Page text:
Competing for IT Talent

CIOs need to expand recruiting methods in a tight labor market.

By multiple accounts, the IT job market is at its healthiest point since the dot-com bust some six years ago.

Nearly 16 percent of CIOs said they intended to hire IT professionals during the first quarter of 2007, found a survey by Robert Half Technology released March 6, and a follow-up second-quarter survey found a net 12 percent hiring increase. The U.S. IT sector was rated the healthiest internationally in an EIU (Economist Intelligence Unit) report July 11, and a report released May 9 by the National Association of Computer Consultant Businesses found that IT employers had more jobs to fill than people to fill them.

In a tight and vigorously competitive labor market, many employers struggle to find and put to use recruitment tactics that will enable them to stay ahead of their competitors. Meanwhile, the brightest IT workers, especially those with the most sought-after skill sets, can afford to be picky about where they work, thus requiring extra courting by managers, who are often not trained in the brass tacks of recruiting. The solution, according to a Forrester Research report released July 10, is for CIOs to diversify their talent pool and brand their IT based on cultural differentiators.

"Every hand in the room pops up when I ask who is concerned about IT recruiting," said Samuel Bright, Forrester analyst and report author, in an interview with eWEEK. "But its often covered with issues that are just symptoms of the larger problems. For example, I get a lot of questions about salaries, and if you walk back a little bit, the question is not whether my compensation is out of line; its really that Im having trouble finding people."

On top of the difficulties recruiting and hiring within a tight labor market, additional factors further limit the depth and quantity of available IT professionals. In many ways, the field is still recovering from the dot-com bubbles burst in 2001, and the younger people who were not scared off from technology careers would prefer to work at a big-name brand such as Google or Yahoo rather than within enterprise IT, Bright said.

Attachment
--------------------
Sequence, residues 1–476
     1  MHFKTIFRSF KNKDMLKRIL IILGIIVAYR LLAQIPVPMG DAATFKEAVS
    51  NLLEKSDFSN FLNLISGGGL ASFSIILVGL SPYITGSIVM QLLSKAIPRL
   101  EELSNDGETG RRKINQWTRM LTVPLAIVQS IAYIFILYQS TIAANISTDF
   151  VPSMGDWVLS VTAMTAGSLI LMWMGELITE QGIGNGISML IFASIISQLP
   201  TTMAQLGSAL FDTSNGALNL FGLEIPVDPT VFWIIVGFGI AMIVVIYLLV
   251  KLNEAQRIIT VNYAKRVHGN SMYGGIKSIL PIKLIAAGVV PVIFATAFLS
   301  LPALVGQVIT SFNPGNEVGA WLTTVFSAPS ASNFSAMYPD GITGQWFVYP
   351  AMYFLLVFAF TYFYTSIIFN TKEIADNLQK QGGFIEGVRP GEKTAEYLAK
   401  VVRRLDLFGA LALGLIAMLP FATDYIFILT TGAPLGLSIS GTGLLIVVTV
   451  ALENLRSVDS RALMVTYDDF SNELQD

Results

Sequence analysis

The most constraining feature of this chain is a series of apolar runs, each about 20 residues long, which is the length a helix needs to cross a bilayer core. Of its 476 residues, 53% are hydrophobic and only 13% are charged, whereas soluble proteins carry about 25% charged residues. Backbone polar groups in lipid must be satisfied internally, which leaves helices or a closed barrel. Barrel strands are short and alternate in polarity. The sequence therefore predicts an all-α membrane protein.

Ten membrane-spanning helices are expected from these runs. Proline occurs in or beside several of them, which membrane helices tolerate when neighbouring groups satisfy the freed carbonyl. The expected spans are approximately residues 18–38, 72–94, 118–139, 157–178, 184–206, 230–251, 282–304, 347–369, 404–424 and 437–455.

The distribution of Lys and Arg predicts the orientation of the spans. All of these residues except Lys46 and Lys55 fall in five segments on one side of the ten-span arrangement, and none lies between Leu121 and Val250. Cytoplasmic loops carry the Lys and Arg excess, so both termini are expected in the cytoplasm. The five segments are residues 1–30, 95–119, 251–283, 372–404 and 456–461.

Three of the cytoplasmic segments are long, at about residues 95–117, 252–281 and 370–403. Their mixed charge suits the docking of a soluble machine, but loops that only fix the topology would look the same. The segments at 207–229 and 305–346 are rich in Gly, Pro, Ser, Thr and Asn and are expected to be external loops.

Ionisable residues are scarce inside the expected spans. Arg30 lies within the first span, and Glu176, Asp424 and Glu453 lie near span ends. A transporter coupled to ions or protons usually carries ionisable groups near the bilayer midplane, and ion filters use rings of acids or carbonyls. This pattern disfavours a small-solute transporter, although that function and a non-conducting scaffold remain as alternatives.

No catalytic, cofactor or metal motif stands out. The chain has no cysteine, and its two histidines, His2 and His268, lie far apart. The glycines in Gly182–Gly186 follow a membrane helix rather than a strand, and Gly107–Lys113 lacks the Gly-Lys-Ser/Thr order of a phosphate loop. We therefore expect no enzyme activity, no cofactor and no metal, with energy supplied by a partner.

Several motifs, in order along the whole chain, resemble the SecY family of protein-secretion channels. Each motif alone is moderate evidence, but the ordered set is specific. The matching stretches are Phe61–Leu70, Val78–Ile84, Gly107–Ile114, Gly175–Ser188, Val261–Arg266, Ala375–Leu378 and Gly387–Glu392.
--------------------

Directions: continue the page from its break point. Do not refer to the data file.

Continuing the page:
Meanwhile, CIOs are expressing increasing dissatisfaction with the quality of recruits they get in the door, from résumés loaded with empty buzzwords to people who are trained in technologies they have no chance of applying. In addition, CIOs in the Forrester report said they worried about pay scale imbalances (in which premiums are paid for specific, sought-after IT skills, and current employees become disgruntled at wide pay disparities) and were frustrated with the effectiveness of recruiting firms in finding midlevel talent and the burden of geographical limitations.

/zimages/1/28571.gifIs Canada the latest nearshore threat? Click here to read more.

"When we look at talent management, it tends to be very tactical, but not strategic," Bright said. "IT takes a whack-a-mole approach to recruiting, being reactive instead of proactive, frustrated that they can bring people in but cant make them stay. Until they figure out why, theyre just kicking a can down the road."

Karl Herleman, CIO at Miami Dade College, said he routinely has to compete with the private sector for IT talent.

"We are having a tough time filling positions due to a combination of improved conditions for IT workers and higher salary requests, which, as a college, we cant always offer [or] compete with private industry," said Herleman, who also is an eWEEK Corporate Partner. "Weve been looking very hard in our back yard, to our students, and are trying to use them in creative ways. But, of course, our pattern is we hire a part-time student, they do wonderful things for us, gain experience and move into the corporate world when they graduate. Since that, of course, is our mission, we plan for that turnover, but a few enjoy the intangibles we have and stay here at the college."

However, not all are finding the IT talent pool to be as competitive.

"We have not seen a tightened IT market except for specific programming languages," said an IT administrator who asked not to be named. "We have found the right people; it just took a little longer to fill the position. We have not changed our recruiting. We have used college co-op students who later have become full-time employees, as well as the traditional newspaper ads and Web job postings."

The prevailing approach to IT recruiting taps into a pool of current IT professionals at other organizations, but a more effective approach would expand this draw of talent from two additional audiences: college students and business professionals, according to Forrester.

Next Page: Finding a needle in the IT haystack.